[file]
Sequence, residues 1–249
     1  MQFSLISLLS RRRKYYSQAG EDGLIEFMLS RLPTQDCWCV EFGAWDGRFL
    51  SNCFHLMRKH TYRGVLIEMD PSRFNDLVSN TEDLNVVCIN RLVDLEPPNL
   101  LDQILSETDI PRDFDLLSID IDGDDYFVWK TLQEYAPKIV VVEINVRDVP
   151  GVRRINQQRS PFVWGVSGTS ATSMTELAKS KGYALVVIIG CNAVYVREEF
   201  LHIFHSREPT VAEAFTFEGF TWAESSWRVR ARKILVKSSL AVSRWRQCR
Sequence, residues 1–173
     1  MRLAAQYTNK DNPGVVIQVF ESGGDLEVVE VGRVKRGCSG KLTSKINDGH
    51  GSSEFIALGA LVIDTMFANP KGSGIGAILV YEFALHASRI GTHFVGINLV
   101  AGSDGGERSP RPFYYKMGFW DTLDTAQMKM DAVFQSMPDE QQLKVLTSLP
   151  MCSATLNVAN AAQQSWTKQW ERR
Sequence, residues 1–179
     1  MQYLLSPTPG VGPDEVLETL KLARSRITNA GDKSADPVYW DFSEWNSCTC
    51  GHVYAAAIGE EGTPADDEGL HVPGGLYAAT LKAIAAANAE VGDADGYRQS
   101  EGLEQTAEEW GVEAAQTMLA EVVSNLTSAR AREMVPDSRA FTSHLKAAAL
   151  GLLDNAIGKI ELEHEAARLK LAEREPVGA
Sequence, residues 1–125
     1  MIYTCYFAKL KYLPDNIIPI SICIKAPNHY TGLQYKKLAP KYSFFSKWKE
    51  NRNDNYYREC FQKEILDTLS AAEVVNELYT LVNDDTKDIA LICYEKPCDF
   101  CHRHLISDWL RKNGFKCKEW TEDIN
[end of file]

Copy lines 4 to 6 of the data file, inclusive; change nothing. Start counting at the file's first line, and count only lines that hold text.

   101  LDQILSETDI PRDFDLLSID IDGDDYFVWK TLQEYAPKIV VVEINVRDVP
   151  GVRRINQQRS PFVWGVSGTS ATSMTELAKS KGYALVVIIG CNAVYVREEF
   201  LHIFHSREPT VAEAFTFEGF TWAESSWRVR ARKILVKSSL AVSRWRQCR